- Legal and financial costs
- Marketing, entertainment and subscriptions
- Training courses
A self-employed landlord can claim some of these, the costs of travel with your own vehicle and working from home, using ‘simplified expenses’. Simplified expenses use a flat rate for these costs to avoid complicated calculations.
In terms of simplified expenses, there are specific parts to think about as a landlord.
1. Travel expenses: you are not allowed to claim on regular and predictable travel between your home and your place for work. You can claim for travelling to view new properties, but only if you end up buying the property.
2. Staff expenses: If they’re doing work related to running the property, you can pay friends, family and employees who do not own a share of your property. You can also pay for training as long as you’re reinforcing existing skills.
It is important to know that you can’t use simplified expenses if you’re running your properties through a limited company.
Fees for professionals
These are bills from accountants, agents, solicitors and surveyors.
Other costs include, the day-to-day running of the business including chasing bad debts, evicting tenants in rent arrears and keeping financial records are allowed. Costs that are not allowed include costs that are related to buying, selling and planning applications.
Landlords now receive a 20% tax credit on interest payments (interest relating to borrowing to fund business costs such as buying land, property, supplies or refurbishments). You can’t claim the actual cash amount, you can only claim interest and you must be able to prove that the borrowed money was spent on buying land, property, or equipment for the property business or funding repairs and improvements.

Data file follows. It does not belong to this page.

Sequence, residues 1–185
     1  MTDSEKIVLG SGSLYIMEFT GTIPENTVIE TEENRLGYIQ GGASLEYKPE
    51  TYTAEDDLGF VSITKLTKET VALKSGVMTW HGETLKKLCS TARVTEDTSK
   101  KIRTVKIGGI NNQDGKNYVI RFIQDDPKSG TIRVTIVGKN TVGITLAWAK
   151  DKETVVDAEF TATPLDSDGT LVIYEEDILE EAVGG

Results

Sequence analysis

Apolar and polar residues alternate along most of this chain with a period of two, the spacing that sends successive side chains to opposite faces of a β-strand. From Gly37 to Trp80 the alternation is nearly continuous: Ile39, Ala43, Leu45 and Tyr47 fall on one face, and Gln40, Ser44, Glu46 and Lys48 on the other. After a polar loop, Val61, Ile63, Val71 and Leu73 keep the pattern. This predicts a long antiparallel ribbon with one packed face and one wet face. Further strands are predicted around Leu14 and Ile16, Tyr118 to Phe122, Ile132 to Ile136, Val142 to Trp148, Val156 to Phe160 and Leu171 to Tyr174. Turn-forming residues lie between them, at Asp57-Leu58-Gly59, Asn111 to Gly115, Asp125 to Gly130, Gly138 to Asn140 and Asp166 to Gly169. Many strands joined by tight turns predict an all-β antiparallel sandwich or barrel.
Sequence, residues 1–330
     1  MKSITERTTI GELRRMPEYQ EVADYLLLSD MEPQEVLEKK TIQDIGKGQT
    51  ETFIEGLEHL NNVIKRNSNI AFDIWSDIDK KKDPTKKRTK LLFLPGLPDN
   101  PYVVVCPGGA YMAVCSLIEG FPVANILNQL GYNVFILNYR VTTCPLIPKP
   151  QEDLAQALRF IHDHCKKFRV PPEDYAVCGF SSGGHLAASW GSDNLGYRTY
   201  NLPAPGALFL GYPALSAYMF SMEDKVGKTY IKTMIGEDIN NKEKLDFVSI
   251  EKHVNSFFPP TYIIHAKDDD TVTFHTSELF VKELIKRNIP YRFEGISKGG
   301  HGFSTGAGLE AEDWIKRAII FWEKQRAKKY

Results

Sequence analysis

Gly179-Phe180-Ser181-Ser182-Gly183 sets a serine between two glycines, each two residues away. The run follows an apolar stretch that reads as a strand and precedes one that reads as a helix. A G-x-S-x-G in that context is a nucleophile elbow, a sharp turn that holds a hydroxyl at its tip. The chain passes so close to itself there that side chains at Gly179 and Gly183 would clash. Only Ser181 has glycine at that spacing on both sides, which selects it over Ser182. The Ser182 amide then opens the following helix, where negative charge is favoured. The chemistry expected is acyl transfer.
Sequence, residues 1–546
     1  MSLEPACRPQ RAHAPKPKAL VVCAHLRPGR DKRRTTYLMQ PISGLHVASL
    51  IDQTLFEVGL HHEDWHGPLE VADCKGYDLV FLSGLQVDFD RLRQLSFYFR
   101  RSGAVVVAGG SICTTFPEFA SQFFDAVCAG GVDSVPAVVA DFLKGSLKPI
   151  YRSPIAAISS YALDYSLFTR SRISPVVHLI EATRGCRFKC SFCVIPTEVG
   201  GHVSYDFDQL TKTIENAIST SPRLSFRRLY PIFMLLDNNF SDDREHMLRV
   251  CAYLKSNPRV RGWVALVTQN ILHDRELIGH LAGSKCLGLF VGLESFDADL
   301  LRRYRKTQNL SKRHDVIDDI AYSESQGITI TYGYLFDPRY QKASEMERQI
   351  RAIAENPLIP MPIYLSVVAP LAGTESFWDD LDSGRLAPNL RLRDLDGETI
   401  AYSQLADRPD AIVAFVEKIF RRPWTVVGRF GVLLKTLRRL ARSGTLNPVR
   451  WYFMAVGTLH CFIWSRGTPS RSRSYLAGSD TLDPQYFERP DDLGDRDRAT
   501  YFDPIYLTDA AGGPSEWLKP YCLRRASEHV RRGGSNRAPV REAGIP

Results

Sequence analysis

Repairs and replacements
You can’t claim improvements as expenses for income tax purposes. You can claim replacement of domestic items relief for things including:
- Movable furniture (beds and free-standing wardrobes)
- Furnishings (curtains, linens, carpets, floor coverings)
- Household appliances (televisions, fridges, freezers)
- Kitchenware (crockery and cutlery)
In order to claim this relief, you must have bought the item for the property and removed the old one. Two things you can’t claim for are the initial cost of fitting out a residential property for rental and the costs for upgrading the item.
Extra tax savings for married couples
Tax rules concerning married couples are complicated but can enable people to shift their assets between each other in a legal and above-board way to reduce the tax bill. Below outlines the ways in which couples can do this but we recommend speaking to a tax professional who will be able to review your situation fully.
If one of you doesn’t pay income tax